How to Determine the Right Monetization Model for Your Marketplace

By: Charles Costa | August 27, 2018 | Marketplaces

When it comes to running a marketplace or any type of business, remember—money talks. You can have the highest quality sellers and a vast inventory to boot, but if you’re not generating substantial profit, it’s going to be difficult to stay afloat for the long-term. Fortunately for marketplace operators like yourself, there are a variety of ways to generate revenue that you can leverage to ensure your long-term success.

Take a look at the top 5 marketplace business models below to help you decide which one is best for your platform:

1. Commission

The commission business model is extremely popular because businesses are able to collect money from virtually all the transactions that flow through the marketplace platform. Since there are no upfront fees, marketplace operators benefit from being able to attract buyers and sellers by eliminating the risk of paying when they don’t get any additional value from the platform.

Although this approach sounds like a perfect arrangement for marketplace operators, one of the biggest downsides of this model is that the operator typically puts themselves at risk of losing money through leakage, which is when buyers and sellers transact off the platform.

The best way to minimize leakage within a commission-based marketplace is to provide value-added services that only apply to transactions that are completed on the platform. Two common examples of this include offering insurance or satisfaction guarantees.

Two examples where commission marketplaces shouldn’t be used are when there’s a large value transaction (e.g. a car or real estate being sold) or cases where money doesn’t change hands (e.g. dating websites and marketplaces built around bartering).

2. Membership/subscription fees

The membership and subscription fee monetization model comes into play when some, or all of a marketplace’s buyers and/or sellers are charged a recurring fee to use the marketplace platform. The main advantage of this model is that sellers pay a relatively nominal fee to access a pool of qualified buyers. Buyers on the other hand are free to transact as much as they want for a flat fee.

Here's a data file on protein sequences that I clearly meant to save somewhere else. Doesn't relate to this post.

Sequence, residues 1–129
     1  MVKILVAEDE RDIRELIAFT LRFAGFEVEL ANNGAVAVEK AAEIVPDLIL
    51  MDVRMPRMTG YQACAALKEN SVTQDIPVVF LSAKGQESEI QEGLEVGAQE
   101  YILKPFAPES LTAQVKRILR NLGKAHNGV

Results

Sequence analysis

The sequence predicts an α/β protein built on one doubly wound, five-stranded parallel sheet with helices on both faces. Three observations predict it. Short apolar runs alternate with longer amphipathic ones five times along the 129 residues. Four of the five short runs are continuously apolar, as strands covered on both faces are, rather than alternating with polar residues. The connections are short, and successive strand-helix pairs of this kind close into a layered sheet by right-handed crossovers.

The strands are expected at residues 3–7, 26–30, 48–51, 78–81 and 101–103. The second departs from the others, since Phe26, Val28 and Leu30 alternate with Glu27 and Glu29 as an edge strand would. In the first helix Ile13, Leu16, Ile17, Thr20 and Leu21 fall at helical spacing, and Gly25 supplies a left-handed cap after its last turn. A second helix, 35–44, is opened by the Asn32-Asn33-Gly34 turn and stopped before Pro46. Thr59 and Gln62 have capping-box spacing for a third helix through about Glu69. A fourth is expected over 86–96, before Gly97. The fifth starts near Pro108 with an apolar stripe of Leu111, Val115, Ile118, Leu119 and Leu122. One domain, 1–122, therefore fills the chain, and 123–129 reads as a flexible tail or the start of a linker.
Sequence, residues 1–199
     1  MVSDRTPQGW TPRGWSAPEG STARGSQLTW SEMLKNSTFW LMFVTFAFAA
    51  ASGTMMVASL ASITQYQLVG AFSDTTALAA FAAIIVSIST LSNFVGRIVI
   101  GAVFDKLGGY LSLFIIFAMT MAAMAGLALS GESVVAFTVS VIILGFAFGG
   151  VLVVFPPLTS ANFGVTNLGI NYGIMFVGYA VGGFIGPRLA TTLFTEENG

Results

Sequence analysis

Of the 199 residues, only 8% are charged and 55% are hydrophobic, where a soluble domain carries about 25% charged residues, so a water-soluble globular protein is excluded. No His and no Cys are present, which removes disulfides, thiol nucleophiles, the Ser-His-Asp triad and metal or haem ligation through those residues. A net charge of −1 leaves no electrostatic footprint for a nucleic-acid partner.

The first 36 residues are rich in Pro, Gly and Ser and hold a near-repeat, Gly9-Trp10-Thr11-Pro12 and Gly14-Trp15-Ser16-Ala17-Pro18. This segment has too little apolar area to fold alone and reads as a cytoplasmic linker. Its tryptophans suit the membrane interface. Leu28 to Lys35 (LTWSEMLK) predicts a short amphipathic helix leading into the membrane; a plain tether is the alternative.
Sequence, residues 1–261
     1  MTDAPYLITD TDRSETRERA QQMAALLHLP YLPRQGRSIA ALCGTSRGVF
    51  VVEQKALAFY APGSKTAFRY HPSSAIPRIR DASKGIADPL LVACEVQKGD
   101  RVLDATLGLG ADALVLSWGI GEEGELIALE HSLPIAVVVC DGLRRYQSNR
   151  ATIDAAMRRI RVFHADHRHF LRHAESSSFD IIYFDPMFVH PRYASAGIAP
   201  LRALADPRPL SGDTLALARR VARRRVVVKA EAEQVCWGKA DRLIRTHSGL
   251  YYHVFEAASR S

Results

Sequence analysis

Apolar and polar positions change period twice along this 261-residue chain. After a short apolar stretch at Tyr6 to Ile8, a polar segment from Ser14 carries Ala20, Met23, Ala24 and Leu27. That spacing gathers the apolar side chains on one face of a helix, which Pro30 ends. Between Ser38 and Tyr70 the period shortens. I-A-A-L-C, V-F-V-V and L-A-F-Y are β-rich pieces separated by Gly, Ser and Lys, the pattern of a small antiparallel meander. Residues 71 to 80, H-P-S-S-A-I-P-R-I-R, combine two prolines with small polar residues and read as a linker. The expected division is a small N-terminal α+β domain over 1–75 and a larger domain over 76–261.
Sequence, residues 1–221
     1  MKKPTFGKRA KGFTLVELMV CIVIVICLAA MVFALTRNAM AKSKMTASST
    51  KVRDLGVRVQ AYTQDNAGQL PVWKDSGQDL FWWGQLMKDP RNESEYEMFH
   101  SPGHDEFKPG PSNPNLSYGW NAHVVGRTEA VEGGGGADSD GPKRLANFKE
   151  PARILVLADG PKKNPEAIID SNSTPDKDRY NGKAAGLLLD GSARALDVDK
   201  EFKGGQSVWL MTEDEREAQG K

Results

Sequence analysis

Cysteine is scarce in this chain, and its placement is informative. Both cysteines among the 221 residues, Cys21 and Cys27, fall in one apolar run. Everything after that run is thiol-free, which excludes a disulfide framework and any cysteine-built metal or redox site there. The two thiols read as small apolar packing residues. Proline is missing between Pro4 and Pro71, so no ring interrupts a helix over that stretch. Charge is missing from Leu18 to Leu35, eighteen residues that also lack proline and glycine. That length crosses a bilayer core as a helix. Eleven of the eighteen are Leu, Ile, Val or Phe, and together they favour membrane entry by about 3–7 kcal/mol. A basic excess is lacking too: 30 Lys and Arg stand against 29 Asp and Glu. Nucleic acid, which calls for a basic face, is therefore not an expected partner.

The main challenge of embracing this monetization model is the classic chicken and the egg problem, where buyers and sellers aren’t going to pay to use a platform that doesn’t have any traffic. While there are a variety of ways you can get your marketplace’s flywheel moving, one of the simplest ways to gain traction is by focusing on the needs of sellers first.

This can be done by providing tools to enhance the seller experience (such as transaction processing) and/or subsidizing sellers by providing them with discounted memberships. The key to success here is that you’re adding value to entice sellers to use your platform as opposed to the competition.

Although buyers and sellers are equally important, it’s important to focus on the needs of the latter because they are the ones who have to commit time and (in some cases) money to use a your platform. Buyers on the other hand don’t need to invest much. It’s easier for a buyer to browse 10 different properties than it is for a seller to list on 10 different properties.

3. Listing fees

Unlike the membership/subscription fee monetization model where the marketplace operator has an ongoing source of revenue, listing fees are one-off payments. This approach is ideal in cases where the seller gains significant value from a single listing. This revenue model is commonly used on properties where one-off transactions are the norm – such as classifieds websites, or job boards.